I disagree with this statement in two key areas:

  1. “It’s unequal in that we, the users, have no say over or insights into the value the adtech giant firms abstract from our data.” Yes, it may be unequal, but it’s certainly not unfair. In the old-style barter system, we assume that the farmer traded his sheep or chickens to the roof repairer so that the latter could feed his family. But what if the roof-repairer had discovered a way to make chickens lay golden eggs and he could generate millions of dollars in income going forward? That’s still not an unfair barter, since the farmer received something valuable — a now leakproof roof — in exchange for something he considered valuable. In the same way, companies like Google, Facebook and others who give us cat videos or apps in exchange for our data are providing something of value — we don’t lose in the bargain if they are smart enough to turn our data into something more valuable than we consider it be when we hand it over.
  2. “It’s also unequal in that all people’s data, mine, yours, a billionaire banker’s, a poor farmhand’s, are traded for the same “free” service, although our data clearly have different utility and value to the adtech companies and their customers.” Here again, that doesn’t really make the barter unfair — if adtech companies find more value in a billionaire banker’s data than they do in the data from a farmhand, but are willing to provide the same free services to both, that’s not really unfair to the banker or farmhand. These individuals, as well as the adtech companies, are willing to enter into a barter relationship for something they each perceive to be of value.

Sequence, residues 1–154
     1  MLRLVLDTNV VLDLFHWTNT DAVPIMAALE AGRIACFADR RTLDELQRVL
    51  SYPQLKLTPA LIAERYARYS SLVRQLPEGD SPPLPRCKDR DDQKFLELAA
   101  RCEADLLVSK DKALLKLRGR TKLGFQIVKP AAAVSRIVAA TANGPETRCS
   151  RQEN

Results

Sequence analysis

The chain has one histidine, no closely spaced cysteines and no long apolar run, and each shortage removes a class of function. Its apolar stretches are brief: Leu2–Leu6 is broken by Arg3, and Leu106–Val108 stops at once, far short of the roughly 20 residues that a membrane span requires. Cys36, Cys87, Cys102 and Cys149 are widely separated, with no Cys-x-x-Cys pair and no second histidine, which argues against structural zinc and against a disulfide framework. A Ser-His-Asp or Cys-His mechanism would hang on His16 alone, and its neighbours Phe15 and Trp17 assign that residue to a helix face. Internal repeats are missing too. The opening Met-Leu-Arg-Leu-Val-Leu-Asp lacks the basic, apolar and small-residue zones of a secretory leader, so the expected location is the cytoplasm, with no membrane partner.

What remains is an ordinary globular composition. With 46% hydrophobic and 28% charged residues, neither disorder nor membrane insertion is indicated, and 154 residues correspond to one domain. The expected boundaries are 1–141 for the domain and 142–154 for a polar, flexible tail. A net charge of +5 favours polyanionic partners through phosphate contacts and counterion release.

This should not be interpreted as any kind of defense of Google, Facebook or others who have clearly demonstrated that they often play fast and loose with others’ data. Nor is it a defense of adtech companies and others that take your data without permission. For example, TechCrunch has found that companies like Air Canada and Hotels.com will record your mobile phone interactions, sometimes without permission. That’s not barter, since something of value has been taken from you without your consent in exchange for nothing in return.

Instead, I believe the fundamental problem is that too many aficionados of cat videos and various types of “free” apps place too little value on their privacy. They are too quick to hand over their data without first considering the consequences of doing so. The transaction is fair, but the adtech companies are thinking critically about what they can do with data owned by people who don’t think critically about entering into a relationship with them.